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On the Guardian's Tweet Night at the Young Vic

On Tweeting First

Because I cannot say all that I want to say in a Tweet. Tweeting does what it says on the tin- it is a single thought, a single note- 'tweet' - and that's it. It's not a warble  or a nightingale's song but a simple little cry of the inner chaffinch or long tailed tit--- a provocation towards other things, an indication of deeper revelations not to be found within the tweet but - if you stick around and follow the signs- in a full blown aria complete with dawn chorus... if you are lucky. Tweeting is I believe a way of letting off hot air, instantaneous and if not used with awareness - shallow. Facebook, for all its problems, is underused in its ability to share and promote ideas.. it is a fairer network if used intelligently.

On Critics

I am glad we have critics and they interest me as -  and I believe everyone should always be a constant critic anyhow- it is not derogatory but fun.... and a way of learning your history!  And someone has to be a professional critic, to set the bar, to set the ball rolling and to initiate discussion- and you can't (as an artist) yell out into the world and then hate the fact that your call has an answering echo- or two or three. I read critics because they incite ideas, provoke me; introduce me to new things and make me re-evaluate my own ideas and reactions- in short there is always an exchange about life between reader and critic -if the critics are read in the right way...and this is  good . So actors should read as well and not be afraid. Who knows a stray comment may well just shed light.....  And I don't believe in the concept of  a critic living in an ivory tower. What does this mean? I find it a bit useless... no one is  completely within an ivory tower. .. of course they are not if one uses one's own imagination and to say otherwise is to be flippant too easily. And P.S -for the artist any criticism is better than none because it proves an audience for one thing and  an engagement with one's ideas - the worst possible crime one person can commit towards another is indifference and we are all guilty of that in our various ways.. Also there is this assumption that criticism is somehow negative...criticism is a chance to learn if only one can let go of the ego. It's like saying to be selfish is bad- when in fact in the right context, it could save your life or someone else's.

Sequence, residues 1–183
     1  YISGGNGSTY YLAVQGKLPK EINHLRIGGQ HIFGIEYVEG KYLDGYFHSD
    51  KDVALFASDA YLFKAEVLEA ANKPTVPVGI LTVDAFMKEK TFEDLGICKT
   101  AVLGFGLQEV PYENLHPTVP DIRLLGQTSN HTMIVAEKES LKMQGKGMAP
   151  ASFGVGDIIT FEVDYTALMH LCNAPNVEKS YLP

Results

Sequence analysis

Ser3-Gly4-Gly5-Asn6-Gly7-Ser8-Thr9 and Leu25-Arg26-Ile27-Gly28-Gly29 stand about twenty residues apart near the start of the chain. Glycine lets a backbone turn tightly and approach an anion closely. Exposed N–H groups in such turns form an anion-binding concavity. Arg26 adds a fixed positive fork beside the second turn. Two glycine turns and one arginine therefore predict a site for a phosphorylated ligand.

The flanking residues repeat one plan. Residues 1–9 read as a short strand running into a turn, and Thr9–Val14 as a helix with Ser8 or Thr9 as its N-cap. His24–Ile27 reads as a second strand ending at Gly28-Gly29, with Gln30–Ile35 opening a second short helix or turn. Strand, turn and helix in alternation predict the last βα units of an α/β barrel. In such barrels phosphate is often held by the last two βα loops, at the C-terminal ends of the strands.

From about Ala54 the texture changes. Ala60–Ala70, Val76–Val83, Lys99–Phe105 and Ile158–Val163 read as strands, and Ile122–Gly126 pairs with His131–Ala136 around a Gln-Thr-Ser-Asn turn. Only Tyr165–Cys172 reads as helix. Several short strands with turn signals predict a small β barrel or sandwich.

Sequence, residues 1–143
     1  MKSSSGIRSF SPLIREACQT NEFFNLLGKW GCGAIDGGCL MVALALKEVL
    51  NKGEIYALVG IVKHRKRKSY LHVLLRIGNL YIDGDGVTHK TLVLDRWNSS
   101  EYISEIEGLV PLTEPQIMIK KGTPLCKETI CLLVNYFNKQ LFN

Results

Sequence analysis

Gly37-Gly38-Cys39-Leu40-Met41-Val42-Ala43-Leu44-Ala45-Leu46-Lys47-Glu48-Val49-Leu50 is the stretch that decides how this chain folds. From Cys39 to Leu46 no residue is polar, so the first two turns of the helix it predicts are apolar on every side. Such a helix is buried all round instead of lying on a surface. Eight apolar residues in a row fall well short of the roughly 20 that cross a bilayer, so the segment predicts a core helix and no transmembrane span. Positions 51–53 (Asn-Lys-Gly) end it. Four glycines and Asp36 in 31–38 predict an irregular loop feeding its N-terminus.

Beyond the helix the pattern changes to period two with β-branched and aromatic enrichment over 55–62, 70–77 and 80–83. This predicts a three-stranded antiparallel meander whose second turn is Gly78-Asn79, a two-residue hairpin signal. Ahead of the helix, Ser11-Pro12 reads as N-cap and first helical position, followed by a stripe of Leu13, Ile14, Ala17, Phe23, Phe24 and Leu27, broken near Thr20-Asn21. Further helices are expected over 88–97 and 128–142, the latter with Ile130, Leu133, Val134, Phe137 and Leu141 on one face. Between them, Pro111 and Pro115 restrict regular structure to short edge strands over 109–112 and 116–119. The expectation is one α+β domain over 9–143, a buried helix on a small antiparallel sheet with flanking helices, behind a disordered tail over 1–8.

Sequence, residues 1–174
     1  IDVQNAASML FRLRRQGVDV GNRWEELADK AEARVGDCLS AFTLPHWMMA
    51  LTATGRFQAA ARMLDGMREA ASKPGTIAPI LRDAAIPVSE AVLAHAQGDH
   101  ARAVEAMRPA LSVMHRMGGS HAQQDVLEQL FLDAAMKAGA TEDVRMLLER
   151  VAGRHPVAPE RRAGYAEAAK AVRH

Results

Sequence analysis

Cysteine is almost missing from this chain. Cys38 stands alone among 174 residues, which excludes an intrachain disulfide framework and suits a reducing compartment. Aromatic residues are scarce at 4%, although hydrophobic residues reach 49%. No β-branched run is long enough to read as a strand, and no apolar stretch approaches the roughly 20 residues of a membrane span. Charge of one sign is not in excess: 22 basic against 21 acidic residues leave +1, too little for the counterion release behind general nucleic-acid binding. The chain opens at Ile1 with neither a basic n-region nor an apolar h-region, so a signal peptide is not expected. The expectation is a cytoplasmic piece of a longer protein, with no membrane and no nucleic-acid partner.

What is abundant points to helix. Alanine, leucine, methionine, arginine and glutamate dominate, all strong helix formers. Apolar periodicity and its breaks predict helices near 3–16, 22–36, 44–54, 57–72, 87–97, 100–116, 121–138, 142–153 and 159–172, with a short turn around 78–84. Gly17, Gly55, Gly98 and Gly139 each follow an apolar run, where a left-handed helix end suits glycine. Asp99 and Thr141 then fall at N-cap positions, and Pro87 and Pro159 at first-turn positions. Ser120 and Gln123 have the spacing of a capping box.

on the internet

We live in an age where the internet provides the ability for people to have instant reactions to articles others have written. That is the democratic right that the internet gives for most people - and also is the choice newspapers have made and allowed for on their websites.  Because of this the critic becomes the artist- he/ she becomes the one standing in the spotlight... the one who is now reviewed for his or her review which in itself becomes a piece of art. And then that reviewer of the review also gets a review themselves. But as long as the dialogue is continuous, and the criticism is not personal then the Russian Doll of criticism should continue. .. this continuous looking into the mirror....shouldn't everyone be allowed to join the discussion?

I am not sure why there might be a problem with identity and as to whether a critic/ commentator names themselves or not. Why should one person's thought be less valid than another's simply because they choose to remain anonymous? Why does anyone need to do any research into someone's past internet or writing history in order to validate their writing- especially if what they are saying proves interesting and provocative? Why does it matter where an idea comes from? Is there a fear of a lack of control here? Some of our best quotes and sayings/ cliches are anonymous. The biggest and most important acts of history are sometimes committed by those whose names we never hear  or know of. What is this obsession we have with needing to quantify others and know who they are? Is this itself a result of the internet age where a provable  identity means authenticity? 

Also some people can only articulate themselves through the written word. Face to face discussion does not work for them, as they are artists. The same can be said of critics. 

on reviewing and tickets

Critics are not gods but if they are it is the fault of the theatres who wine and dine them and treat them as gods. They can also be gods if they are seen to control the markets and the number of bums on seats...this is the result of capitalism I suppose.  So I have no sympathy if they are held up as pillars of authority by theatres and communities and yet despised by those very same people... This is religion. ..

Plays I believe should be reviewed more than once. How we consume theatre could be revolutionised - especially in this economic down turn- by offering discounted tickets for individuals who want to see a play more than once. Just as we read a good book more than once or stand in front of an effective painting more than once or rewind to that scene in that film that is so transcendental more than once - so we should be able to have the same relationship with theatre if we so wish... a really good play or performance cannot be got- I don't think- in one go- like a Bergman film it might need to be reviewed over and over. More things are learnt with study and the ability- like an actor on stage- for a good audience member to open out with love towards a performance that is being offered to them. They may need this experience more than once.

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